Middle East Eye / November 24, 2020
Activists say they expect the Palestinian Authority to crackdown on dissent, as Palestinians criticise a return to the coordination policy.
The Palestinian Authority’s decision to resume security coordination with Israel following a six-month suspension may indicate looming fundamental changes in the relationship between the two sides, in which the former is expected to make more concessions to the latter, according to analysts.
The resumption of relations comes at a time when the region has experienced a geopolitical shift, largely due to the recent normalisation deals between Israel and a number of Arab countries.
The PA announced the suspension of the coordination policy in May, in response to Israel’s plans to annex more land in the West Bank. It said it froze contact with Israel on civil affairs and security matters, and withdrew Palestinian security forces from the suburbs of occupied Jerusalem and Area C of the occupied West Bank.
On 17 November, the PA resumed security coordination with Israel without indicating if it had made any gains in return. In a post on Twitter, the head of the PA’s General Authority of Civil Affairs, Hussein al-Sheikh, described the PA’s move as a “victory”, which led many Palestinians online to respond with mockery.
The development raises many questions about the benefit of resuming the practice without having achieved any political goals, as it was halted ostensibly to be used as a pressure card. It also begs the questions: how did the PA return to normalisation with Israel, when it was recently rejecting the Arab deals? And would the PA have been able to continue with the suspension of bilateral contact with Israel, or is it inextricably linked to the occupying power?
Nablus-based professor and analyst Abd al-Sattar Qassem believes that Palestinians were aware that the suspension in security coordination would be temporary.
“We understand that the PA is an agent of the occupation and it cannot leave this role because it would lose its privileges,” he told Middle East Eye.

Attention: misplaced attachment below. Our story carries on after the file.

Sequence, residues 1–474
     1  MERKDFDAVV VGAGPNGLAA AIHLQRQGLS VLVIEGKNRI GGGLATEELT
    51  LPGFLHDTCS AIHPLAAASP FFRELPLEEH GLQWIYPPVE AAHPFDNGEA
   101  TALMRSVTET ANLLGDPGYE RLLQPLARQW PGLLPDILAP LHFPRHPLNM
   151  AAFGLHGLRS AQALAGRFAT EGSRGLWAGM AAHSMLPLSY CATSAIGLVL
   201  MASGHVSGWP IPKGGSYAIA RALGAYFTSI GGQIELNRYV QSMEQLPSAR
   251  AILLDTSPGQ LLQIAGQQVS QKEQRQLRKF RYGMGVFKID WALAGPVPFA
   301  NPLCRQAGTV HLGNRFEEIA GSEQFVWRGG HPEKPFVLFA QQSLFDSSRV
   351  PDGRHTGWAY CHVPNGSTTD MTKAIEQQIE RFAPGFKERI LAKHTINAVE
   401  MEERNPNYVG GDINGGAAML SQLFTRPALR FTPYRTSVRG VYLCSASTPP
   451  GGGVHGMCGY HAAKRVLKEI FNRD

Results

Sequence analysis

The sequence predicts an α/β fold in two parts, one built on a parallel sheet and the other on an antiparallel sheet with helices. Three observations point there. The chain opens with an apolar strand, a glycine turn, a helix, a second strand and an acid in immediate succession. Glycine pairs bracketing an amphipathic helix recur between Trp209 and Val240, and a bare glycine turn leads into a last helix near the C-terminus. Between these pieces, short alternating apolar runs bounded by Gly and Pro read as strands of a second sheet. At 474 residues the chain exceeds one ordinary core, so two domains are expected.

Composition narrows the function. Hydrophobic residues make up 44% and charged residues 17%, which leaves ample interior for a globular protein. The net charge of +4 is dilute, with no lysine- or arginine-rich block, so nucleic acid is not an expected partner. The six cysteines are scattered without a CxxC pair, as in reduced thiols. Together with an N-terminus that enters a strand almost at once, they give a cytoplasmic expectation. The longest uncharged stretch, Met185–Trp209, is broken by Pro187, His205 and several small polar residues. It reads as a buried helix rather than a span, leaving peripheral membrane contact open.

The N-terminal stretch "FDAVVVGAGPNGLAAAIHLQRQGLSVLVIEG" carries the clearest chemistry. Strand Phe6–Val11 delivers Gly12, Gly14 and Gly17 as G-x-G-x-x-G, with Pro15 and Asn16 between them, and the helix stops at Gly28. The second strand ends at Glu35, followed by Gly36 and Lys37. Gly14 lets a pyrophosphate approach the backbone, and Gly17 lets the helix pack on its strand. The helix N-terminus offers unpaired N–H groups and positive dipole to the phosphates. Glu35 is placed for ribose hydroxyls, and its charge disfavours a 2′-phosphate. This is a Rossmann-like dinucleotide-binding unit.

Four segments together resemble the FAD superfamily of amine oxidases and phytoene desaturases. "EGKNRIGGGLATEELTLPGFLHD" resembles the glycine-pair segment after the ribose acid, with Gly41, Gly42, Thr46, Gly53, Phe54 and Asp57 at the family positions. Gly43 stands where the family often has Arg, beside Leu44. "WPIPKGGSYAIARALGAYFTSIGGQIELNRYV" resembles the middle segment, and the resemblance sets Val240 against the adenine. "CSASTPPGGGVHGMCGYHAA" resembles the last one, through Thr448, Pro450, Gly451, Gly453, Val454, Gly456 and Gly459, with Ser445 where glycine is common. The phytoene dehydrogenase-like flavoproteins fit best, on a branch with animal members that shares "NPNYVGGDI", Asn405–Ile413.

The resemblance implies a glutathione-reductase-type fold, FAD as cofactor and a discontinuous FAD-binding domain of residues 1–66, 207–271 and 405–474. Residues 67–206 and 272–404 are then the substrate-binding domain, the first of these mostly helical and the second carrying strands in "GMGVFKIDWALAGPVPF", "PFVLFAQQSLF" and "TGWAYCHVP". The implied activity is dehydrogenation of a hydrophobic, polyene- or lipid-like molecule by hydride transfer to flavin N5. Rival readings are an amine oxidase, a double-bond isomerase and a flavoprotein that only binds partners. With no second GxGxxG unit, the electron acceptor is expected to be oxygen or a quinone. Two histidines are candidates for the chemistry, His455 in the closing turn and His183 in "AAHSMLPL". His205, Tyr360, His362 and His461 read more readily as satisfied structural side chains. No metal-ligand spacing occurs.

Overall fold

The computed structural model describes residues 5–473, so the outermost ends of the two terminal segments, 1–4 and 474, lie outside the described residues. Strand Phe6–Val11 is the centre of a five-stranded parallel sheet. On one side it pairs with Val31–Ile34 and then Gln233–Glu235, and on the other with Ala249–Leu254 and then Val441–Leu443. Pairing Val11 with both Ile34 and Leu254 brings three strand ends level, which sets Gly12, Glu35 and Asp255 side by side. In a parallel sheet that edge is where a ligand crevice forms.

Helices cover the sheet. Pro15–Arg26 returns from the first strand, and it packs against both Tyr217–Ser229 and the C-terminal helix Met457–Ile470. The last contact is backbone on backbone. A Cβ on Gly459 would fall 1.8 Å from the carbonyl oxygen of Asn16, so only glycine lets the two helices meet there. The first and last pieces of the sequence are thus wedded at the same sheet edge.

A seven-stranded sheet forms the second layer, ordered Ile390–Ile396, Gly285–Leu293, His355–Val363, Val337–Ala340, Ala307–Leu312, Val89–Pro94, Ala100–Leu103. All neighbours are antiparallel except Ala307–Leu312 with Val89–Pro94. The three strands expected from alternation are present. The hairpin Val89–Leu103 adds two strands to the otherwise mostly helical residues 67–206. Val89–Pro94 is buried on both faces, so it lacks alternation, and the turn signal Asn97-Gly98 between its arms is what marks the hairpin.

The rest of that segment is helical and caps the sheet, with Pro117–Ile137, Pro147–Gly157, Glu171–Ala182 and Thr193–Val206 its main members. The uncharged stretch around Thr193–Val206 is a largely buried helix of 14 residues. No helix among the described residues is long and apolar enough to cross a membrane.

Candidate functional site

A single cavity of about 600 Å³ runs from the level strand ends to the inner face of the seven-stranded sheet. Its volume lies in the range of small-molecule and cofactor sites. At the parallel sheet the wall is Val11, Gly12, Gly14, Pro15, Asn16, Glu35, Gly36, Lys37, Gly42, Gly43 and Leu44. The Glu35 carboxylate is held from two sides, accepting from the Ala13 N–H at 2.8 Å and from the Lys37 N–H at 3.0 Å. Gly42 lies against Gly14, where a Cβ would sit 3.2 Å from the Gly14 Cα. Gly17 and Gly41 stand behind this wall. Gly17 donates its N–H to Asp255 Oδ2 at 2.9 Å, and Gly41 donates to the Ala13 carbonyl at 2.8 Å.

“We are fully aware that security coordination cannot stop completely because it justifies its [the PA’s] existence,” he added. “The leaders of the PA have privileges, interests and wealth, and therefore there will be no compromise of self-interest for the sake of popular interest.”
Qassem believes that the PA’s announcement was likely to include more concessions, which would serve Israel’s plans to continue its illegal land grabs and settlement expansions.
“Israel will heighten its procedure of imposing a fait accompli on the Palestinians, which is coming after it managed to take control of the land,” he said.
Major PA policy change
One of the immediate indicators of a major imminent PA concession has come in the dossier of the 4,500 Palestinian political prisoners in Israeli jails. In an interview with the New York Times, Qadri Abu Bakr, of the PA’s Prisoners Affairs Commission, said there was a proposal to change the PA’s policy on payments to political prisoners. He said that the prisoners’ stipends would be altered based on the needs of their families and their social conditions.
The issue of PA payments has long been a file on the table between previous PA-Israel negotiations. However, the United States under Trump had since 2018 been financially squeezing the PA due to pressure from Israel and its lobbyists in Congress, cutting off millions of dollars in monetary aid, including over PA payments to political prisoners.
Israel, too, introduced its own punitive financial measures, such as enforcing a new military order in the occupied West Bank which sanctioned banks that processed payments to prisoners and their families, and holding accountable anyone directly or indirectly involved in the transactions, including bank employees, as liable to face a seven-year prison sentence and/or a large fine.
Despite intensified diplomatic reconciliation efforts between the Fatah-ruled PA and Hamas in the besieged Gaza Strip, including through recent meetings in Beirut and Istanbul, the resumption of security coordination was considered a blow at a local level.
A number of Palestinian factions expressed their rejection of the PA’s move. Hamas said it considered it a “stab” to reconciliation efforts, and demanded that the PA backtrack on its decision. Meanwhile, the Popular Front for the Liberation of Palestine (PFLP) characterised it as a “disregard” of the gravity of Israeli settlement projects targeting the Palestinian people.
Some have asked the question: is the PA’s return to security coordination a prelude to resuming negotiations with Israel at the expense of internal Palestinian reconciliation?
According to political analyst Jihad Harb, the reverse in PA policy does not necessarily mean an immediate return to formal negotiations between the PA and Israel, but it could indicate that there may be a political process in the works.